Good Evening
Good Evening

Could Hurricane Jose come to LI? Look to the cone of uncertainty.

The cone of uncertainty for Hurricane Jose, as

The cone of uncertainty for Hurricane Jose, as of Sunday evening, Sept. 17, 2017. Credit: National Hurricane Center

What is Hurricane Jose’s cone of uncertainty?

Those who are following news of Hurricane Jose may have seen its track in a cone-like image, showing the storm heading north toward Long Island, then veering to the east.

Indeed, the National Weather Service’s Upton office pointed to it Friday in a tweet, saying: “Much of our area is now in the five-day cone of uncertainty. Be prepared for potential impacts Tuesday/Wednesday.”

What the cone is

The cone shows the range of potential paths for the center of the storm and is not indicating the size of the storm and where major impacts may be. There can be plenty of impacts outside that cone.

People can “mistakenly interpret the size of the cone as the size of the storm or its impacts. Nope,” wrote Marshall Shepherd, director of the atmospheric sciences program and professor at the University of Georgia.

As of late Saturday, the cone showed Jose ultimately passing southeast of Long Island, according to the National Hurricane Center. Even though Jose is looking to make a turn well to the east, the region could see rain and swells.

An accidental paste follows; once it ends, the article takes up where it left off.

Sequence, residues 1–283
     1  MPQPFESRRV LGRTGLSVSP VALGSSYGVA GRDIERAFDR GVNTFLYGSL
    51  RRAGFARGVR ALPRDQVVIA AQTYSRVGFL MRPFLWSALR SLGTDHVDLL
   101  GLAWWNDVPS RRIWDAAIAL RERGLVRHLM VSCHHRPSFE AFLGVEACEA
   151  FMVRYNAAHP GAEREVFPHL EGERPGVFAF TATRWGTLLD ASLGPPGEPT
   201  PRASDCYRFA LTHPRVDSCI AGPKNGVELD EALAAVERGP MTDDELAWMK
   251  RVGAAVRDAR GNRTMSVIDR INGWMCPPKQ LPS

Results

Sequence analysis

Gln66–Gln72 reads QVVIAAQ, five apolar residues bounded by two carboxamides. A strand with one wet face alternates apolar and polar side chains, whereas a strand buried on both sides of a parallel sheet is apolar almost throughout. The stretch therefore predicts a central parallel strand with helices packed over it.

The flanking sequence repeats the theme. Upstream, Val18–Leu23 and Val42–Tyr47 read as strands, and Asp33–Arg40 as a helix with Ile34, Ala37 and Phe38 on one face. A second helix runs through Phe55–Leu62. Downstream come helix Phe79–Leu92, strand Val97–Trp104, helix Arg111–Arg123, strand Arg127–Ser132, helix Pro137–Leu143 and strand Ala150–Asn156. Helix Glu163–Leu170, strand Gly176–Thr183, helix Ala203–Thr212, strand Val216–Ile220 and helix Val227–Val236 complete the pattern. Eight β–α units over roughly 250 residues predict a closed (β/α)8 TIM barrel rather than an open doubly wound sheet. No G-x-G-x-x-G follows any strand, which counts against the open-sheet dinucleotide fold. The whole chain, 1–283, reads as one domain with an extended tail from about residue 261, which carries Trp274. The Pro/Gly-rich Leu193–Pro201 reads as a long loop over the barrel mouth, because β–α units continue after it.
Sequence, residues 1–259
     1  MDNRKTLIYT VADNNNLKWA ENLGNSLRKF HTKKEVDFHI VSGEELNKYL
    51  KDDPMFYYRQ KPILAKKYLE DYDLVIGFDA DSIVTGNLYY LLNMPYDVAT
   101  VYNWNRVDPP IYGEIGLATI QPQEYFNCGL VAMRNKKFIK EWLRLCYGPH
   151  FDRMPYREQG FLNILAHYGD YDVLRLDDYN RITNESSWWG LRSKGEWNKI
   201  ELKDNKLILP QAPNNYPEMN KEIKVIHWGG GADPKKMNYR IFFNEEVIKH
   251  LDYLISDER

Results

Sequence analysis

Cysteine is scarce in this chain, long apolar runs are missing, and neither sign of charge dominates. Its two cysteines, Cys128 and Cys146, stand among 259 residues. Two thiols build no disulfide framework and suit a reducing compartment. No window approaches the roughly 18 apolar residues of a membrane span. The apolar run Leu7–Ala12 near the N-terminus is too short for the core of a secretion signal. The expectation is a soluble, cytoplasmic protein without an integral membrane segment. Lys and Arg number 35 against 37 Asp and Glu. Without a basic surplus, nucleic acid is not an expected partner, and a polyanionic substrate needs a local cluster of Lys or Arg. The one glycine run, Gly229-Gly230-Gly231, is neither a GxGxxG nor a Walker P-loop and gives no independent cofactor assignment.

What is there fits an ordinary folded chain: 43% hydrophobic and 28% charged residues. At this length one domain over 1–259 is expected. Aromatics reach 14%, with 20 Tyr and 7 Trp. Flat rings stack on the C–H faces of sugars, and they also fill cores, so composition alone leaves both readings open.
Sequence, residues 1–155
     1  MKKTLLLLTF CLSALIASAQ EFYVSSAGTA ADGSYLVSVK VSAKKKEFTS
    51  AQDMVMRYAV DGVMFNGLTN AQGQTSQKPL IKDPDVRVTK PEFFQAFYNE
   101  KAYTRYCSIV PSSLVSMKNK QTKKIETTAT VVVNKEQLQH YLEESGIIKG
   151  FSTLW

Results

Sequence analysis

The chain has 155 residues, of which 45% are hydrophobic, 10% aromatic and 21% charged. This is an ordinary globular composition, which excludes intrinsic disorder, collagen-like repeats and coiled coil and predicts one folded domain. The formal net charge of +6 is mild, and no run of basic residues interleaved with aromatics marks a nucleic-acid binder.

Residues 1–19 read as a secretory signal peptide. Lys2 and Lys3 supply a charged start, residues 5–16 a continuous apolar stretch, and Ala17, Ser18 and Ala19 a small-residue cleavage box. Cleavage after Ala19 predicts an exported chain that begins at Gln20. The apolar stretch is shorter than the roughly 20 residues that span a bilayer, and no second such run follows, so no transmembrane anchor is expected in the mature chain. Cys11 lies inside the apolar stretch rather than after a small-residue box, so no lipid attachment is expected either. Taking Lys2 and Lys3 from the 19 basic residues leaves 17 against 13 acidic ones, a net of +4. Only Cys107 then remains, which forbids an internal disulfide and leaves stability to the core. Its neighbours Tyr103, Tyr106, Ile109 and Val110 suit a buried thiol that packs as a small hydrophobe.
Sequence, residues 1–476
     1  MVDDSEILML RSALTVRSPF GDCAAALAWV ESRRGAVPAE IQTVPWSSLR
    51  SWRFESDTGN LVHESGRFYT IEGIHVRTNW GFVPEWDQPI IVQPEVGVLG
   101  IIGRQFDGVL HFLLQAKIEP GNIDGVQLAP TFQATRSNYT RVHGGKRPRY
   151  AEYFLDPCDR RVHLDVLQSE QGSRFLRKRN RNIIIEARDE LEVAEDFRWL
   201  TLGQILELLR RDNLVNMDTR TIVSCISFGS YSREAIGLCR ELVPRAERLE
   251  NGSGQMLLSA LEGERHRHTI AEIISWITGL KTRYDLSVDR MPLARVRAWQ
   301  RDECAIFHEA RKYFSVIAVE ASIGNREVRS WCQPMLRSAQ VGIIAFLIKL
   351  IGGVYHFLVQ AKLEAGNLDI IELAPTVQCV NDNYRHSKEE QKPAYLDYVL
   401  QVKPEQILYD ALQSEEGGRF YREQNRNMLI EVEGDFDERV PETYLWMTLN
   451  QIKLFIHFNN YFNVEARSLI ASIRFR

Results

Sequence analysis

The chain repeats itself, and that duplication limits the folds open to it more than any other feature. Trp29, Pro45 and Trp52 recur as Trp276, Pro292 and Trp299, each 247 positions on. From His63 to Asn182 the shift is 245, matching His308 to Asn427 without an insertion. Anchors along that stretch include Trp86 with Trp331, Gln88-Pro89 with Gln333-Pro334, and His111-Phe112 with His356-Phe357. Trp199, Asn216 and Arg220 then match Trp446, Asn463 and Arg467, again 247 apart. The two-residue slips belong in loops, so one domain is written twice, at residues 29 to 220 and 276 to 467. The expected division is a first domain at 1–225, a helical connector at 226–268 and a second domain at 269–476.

Room for error

Issued and updated regularly by the National Hurricane Center, it’s not known in weather circles as “the cone of uncertainty” for nothing.

When it comes to longer-term forecasts, the hurricane center says that it’s off on average by about 175 and 225 miles, respectively, for its four and five day looks ahead.

The cone’s track record? “Statistically, two-thirds of all cyclones stay within this cone, while one-third strays outside the cone,” according to a briefing from the weather service’s Upton office.

Still, as the years progress and forecasting becomes more accurate, the size of the cone lessens, says I. Ross Dickman, meteorologist in charge at the weather service’s Upton office.

That is because the cone’s size is based on a portion of the previous five years worth of forecast errors. The more on target the forecasts, the less spread that is needed to capture the uncertainty.

Those who want to delve into the intricacies of how the cone is formed, can look on the National Hurricane Center website.

Some shorthand

Here is what the different parts of the cone of uncertainty mean, when looking on weather websites:

Orange circle: present location of the tropical cyclone, which is the umbrella term for depressions, storms and hurricanes.

White section of cone: where cyclone is forecast to be in one to three days

Dotted section of cone: where cyclone is forecast to be in four to five days

D: tropical depression, with winds under 39 mph

S: tropical storm, with winds of 39 to 73 mph — this is when it gets a name

H: hurricane, with winds of 74 to 110 mph

M: major hurricane, with winds more than 110 mph — yikes!

More news